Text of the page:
be lending will comply with the Equator Principles, the above
requirements will need to be tailored to the specific project
based on the activity being undertaken by the project.
Financial institutions and sponsors can at times be ambivalent about the details of implementation of the Equator
Principles after the loan has been funded, and such ambivalence can translate into provisions in the loan documentation
that do not serve their intended purpose.
For instance, having representations and covenants simply to
the effect that the borrower must comply with the Equator
Principles betrays a lack of understanding of the regime set up
by the Equator Principles Association.
Implementation of Equator Principles in loan documentation
should typically be structured in the following manner. The borrower should represent that there are no environmental or social claims or potential such claims against the
project that might have a material adverse effect on the implementation or operation of the project.
There should be several standard “conditions precedent” to
the initial disbursement of debt. No draw should be allowed
until the borrower has obtained all necessary environmental
and social permits (and provided opinions as to the completion of this requirement). The borrower should have appointed the
necessary technical consultants to undertake an agreed scope
of work. The borrower should also have delivered all reports,
assessments and plans relating to the environmental and social
impact of the project.
Conditions precedent may also be required for each future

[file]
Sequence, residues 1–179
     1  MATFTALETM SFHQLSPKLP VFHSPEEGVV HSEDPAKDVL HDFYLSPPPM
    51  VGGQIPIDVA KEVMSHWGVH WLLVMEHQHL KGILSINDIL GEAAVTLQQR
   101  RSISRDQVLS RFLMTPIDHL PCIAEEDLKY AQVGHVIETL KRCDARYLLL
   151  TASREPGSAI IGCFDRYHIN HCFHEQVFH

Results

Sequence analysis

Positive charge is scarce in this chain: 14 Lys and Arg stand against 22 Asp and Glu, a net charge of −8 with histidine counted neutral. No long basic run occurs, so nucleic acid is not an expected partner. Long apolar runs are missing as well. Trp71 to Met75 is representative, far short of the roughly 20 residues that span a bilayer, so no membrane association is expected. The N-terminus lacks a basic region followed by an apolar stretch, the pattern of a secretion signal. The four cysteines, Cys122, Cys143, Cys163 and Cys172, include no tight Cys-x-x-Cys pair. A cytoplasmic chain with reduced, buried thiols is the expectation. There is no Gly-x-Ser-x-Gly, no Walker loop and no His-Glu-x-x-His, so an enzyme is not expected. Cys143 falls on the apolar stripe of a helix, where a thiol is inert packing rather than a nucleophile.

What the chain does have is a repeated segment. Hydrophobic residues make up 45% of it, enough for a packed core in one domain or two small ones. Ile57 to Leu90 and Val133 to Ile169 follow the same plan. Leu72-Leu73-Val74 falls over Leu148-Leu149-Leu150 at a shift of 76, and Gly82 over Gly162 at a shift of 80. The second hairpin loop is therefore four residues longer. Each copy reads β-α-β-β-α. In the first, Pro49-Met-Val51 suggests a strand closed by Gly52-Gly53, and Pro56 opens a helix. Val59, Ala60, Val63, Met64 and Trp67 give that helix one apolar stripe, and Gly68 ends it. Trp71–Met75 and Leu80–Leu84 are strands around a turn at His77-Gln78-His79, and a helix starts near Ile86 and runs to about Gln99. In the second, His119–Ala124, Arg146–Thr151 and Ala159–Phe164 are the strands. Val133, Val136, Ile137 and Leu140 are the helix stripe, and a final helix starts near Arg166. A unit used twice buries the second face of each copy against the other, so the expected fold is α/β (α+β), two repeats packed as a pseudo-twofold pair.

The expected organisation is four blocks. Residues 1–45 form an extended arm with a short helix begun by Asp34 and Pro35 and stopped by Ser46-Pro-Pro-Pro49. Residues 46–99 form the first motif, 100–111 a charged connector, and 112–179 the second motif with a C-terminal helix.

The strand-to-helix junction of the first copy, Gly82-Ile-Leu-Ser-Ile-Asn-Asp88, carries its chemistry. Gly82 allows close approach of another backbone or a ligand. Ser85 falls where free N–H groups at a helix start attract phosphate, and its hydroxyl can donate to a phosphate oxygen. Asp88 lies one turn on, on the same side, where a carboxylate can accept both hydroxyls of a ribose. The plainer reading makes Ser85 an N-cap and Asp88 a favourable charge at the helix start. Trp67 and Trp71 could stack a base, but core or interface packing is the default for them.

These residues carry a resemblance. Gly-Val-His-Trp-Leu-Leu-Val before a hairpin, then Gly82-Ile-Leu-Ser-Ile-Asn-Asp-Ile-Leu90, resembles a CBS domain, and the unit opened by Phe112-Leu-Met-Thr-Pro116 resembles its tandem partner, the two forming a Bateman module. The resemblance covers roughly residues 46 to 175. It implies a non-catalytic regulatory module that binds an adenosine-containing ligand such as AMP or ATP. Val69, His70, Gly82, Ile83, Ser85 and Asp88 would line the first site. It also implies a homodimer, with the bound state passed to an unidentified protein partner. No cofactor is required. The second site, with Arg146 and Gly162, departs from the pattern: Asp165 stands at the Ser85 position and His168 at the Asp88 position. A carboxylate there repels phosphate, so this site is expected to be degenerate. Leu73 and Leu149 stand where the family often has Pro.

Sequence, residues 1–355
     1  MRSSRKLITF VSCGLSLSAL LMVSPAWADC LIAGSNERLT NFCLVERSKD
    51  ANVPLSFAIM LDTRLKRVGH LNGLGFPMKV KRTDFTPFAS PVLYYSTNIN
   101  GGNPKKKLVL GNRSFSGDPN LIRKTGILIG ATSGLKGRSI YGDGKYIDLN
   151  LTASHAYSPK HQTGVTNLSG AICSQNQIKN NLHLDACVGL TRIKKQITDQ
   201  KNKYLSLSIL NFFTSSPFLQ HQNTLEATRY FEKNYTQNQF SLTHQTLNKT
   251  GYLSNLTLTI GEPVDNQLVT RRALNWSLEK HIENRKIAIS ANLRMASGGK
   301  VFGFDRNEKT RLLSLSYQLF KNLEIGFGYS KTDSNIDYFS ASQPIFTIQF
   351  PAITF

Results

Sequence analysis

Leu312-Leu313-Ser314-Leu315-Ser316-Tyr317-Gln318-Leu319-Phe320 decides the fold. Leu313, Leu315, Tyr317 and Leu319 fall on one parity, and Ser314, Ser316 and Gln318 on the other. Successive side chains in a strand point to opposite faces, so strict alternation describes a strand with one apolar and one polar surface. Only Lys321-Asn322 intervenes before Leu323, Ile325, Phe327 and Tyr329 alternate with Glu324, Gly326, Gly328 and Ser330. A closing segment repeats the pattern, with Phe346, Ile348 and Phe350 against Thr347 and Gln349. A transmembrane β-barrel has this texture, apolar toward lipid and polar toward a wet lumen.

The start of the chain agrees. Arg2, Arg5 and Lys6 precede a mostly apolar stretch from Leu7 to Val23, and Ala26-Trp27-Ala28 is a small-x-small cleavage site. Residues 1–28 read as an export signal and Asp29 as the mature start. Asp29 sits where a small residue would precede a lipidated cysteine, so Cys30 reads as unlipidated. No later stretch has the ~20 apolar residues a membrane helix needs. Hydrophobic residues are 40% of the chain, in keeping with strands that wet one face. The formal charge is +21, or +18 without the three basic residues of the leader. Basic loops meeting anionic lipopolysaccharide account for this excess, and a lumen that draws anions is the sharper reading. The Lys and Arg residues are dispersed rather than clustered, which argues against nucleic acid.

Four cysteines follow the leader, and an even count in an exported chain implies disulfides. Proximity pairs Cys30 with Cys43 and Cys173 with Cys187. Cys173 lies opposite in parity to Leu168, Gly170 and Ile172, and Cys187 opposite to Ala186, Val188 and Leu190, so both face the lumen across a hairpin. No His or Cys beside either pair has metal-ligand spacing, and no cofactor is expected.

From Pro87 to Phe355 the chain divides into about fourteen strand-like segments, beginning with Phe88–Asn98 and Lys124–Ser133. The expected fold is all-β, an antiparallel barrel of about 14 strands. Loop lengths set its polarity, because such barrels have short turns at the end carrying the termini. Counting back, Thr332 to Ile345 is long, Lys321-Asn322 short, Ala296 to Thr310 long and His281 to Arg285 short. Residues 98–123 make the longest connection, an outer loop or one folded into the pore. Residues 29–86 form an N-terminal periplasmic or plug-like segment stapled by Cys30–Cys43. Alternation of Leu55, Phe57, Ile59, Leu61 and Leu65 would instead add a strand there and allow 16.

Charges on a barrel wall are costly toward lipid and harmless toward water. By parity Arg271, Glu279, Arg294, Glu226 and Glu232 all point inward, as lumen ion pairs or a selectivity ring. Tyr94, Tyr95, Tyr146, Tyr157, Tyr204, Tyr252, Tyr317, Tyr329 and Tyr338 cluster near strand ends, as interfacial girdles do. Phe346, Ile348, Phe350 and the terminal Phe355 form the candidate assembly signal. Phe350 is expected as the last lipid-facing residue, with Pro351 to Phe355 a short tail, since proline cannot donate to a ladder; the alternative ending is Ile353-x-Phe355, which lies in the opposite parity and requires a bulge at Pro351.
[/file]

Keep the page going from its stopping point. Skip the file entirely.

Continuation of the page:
disbursement. Such conditions would typically require confirmation that the project continues to be in compliance with any
applicable (at that stage) environmental and social requirements and that all actions required by any environmental and
social management plan have been completed as required.
The borrower should be required to report to the lenders on
environmental and social matters at regular intervals (usually
on an annual basis during the operation phase and more frequently during construction). These reports will include preclosing reports, progress reports during construction and
Any environmental and social claims, environmental contamination, health and safety violations, protests or grievances
by the local community and project employees and any other
environmental and social issues should also be reported to the
lenders as they occur.
The borrower may also be
required to make public reports
on certain issues (for example,
emissions reports where the
project emits more than
100,000 tons of CO2 equivalent
The borrower should be
required to covenant to comply
with the environmental and
social requirements (including
the environmental and social
management plan), deliver
progress reports documenting
and certifying compliance with
these requirements, allow access to the lenders and their representatives to assess compliance, conduct any decommissioning
in accordance with a predetermined decommissioning plan and
respond to complaints about construction, permitting and
operation of the project. The borrower may also be required to
agree not to amend the environmental and social management
plan materially without lender consent.
While some lenders may insist on including events of default specific to environmental and Equator Principle compliance,
such inclusions should not be required if the conditions precedent, representations and covenants outlined above have
already been included. The loan documentation will already